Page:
Detroit bankruptcy: Will city's storied art collection be sold? (+video)

Detroit's emergency financial manager has broad discretion to decide what to sell or lease during bankruptcy, including a world-class municipal museum and its masterworks.

By , Staff writer

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    A statue of sculptor Auguste Rodin's 'The Thinker' is seen in front of the Detroit Institute of Arts museum in Detroit. A top officer at the museum on Wednesday forecast near-certain closure for the museum if Detroit, in trying to address its dire financial condition, sells major parts of DIA's 60,000-work art collection.
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Besides looking for ways to cut operating costs and assessing obligations to pensioners and retirees, a bankrupt Detroit is also turning to its public assets, such as its airport, parking garages, and its publicly owned art to find ways to chip away at its $11.5 billion of unsecured debt.

The potential sale of its public art collection, which includes masterworks by Rodin, Degas, Van Gogh, and Cézanne, is generating the most controversy. Emergency financial manager Kevyn Orr announced Monday that he is hiring Christie’s Appraisals Inc., the famed New York City auction house, to appraise a portion of the collection at the Detroit Institute of Arts on the behalf of creditors who are requesting the assessment, which then might be used in a sale or leasing situation to help pay back the debt.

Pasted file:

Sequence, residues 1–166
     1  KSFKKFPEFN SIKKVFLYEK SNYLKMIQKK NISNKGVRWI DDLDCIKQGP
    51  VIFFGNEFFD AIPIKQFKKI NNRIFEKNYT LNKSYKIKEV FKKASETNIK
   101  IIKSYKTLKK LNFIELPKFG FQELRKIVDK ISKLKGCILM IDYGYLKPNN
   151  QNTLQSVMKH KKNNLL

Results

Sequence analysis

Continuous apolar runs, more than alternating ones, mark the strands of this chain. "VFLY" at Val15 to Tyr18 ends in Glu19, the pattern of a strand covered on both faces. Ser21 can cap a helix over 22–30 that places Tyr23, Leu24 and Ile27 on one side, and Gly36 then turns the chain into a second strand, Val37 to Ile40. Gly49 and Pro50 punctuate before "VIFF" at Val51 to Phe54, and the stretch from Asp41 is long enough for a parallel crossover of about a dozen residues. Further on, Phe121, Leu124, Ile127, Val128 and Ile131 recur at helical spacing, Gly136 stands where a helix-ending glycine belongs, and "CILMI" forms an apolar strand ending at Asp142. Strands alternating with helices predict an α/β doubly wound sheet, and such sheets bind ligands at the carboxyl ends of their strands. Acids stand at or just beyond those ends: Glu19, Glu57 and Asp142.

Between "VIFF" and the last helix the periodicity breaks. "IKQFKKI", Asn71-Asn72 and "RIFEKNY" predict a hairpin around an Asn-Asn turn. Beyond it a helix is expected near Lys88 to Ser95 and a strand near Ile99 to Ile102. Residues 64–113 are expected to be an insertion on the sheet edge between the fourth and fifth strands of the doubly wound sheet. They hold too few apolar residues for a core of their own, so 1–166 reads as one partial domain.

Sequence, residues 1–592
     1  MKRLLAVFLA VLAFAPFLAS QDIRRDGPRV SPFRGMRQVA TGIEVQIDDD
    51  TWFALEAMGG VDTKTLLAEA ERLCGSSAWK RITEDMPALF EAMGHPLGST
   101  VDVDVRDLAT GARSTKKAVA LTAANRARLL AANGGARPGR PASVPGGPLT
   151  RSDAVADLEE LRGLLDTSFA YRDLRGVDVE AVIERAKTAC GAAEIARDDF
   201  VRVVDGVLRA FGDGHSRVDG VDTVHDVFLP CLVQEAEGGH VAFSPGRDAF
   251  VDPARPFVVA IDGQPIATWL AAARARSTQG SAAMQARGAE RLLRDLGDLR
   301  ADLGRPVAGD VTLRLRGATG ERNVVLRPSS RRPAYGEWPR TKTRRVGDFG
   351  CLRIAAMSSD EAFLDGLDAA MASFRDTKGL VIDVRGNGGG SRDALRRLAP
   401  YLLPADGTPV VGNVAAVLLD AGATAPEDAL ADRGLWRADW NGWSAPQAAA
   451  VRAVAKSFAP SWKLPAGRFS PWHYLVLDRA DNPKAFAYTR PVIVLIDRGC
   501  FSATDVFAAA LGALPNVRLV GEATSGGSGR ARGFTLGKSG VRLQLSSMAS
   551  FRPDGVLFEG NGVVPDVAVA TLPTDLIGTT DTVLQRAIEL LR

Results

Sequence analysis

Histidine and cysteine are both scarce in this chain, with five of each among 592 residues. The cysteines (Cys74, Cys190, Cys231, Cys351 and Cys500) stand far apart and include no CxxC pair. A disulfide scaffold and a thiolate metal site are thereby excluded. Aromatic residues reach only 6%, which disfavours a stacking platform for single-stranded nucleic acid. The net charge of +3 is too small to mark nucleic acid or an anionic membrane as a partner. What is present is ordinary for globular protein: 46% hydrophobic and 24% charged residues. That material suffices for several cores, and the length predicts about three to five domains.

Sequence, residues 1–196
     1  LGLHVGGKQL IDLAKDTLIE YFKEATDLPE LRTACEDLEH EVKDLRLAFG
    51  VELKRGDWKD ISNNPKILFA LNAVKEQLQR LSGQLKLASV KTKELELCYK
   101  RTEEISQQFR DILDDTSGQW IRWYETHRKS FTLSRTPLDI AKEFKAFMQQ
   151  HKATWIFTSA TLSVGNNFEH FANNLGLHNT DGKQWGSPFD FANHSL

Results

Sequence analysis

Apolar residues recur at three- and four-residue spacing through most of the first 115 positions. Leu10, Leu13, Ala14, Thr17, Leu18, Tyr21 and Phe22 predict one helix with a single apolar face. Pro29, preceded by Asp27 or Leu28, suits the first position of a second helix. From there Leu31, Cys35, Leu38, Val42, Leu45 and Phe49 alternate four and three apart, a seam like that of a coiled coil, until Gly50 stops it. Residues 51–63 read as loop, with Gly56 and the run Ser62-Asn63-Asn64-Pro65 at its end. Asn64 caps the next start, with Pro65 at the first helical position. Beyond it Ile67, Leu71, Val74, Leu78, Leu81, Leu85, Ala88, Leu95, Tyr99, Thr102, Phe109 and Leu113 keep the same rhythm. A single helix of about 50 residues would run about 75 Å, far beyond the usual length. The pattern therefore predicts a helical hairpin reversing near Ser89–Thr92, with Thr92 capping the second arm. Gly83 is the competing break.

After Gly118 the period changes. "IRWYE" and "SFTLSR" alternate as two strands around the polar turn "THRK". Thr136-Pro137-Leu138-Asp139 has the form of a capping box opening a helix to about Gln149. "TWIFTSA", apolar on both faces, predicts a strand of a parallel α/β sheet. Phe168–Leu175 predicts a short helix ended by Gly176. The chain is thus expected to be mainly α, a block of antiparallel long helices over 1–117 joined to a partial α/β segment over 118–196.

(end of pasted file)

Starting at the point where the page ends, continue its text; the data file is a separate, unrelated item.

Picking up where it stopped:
Creditors have good reason to demand the assessment. When Mr. Orr announced Detroit was filing for Chapter 9 bankruptcy in July, he said he wanted to stop paying unsecured debt to creditors and, instead, restructure the terms to offer them 10 cents or less on the dollar.

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But Orr is assuring the public that he is looking at the art collection, among other assets, as a way to “create value from the asset without a transfer of ownership.”

“Our goal is to preserve the value of all of the city’s assets and make sure they are rationalized in a way that value can be returned to its citizens and, in certain cases, enjoyed by Detroit metro area’s residents for many years to come,” he said, in a statement released Monday.

Certain pieces of the museum’s 60,000-piece collection are off-limits, if their original benefactor stipulated they can never be sold, but Orr has the right to sell pieces without those barriers. It's unlikely he will do it, says Stephen Selbst, chair of the bankruptcy department at Herrick, Feinstein, a New York City law firm. Under the terms of a Chapter 9 bankruptcy, Mr. Selbst says, the court cannot determine which assets, if any, should be sold, leaving the decision solely in Orr’s hands.

“My guess is that Kevyn Orr is getting the appraisal to demonstrate to creditors there are no sacred cows and he will at least consider the sale of property. But at the end of the day, creditors can’t force him to sell it,” Selbst says.

Orr could potentially lease the artwork as collateral to raise money for a loan, says Dennis Enright, a national expert in privatization of government assets with NW Financial in Hoboken, N.J.

“You could create a revenue stream around it. It’s definitely not a normal governmental world activity, but certainly private collectors use their art as collateral and bet it against for their own private interests,” Mr. Enright said.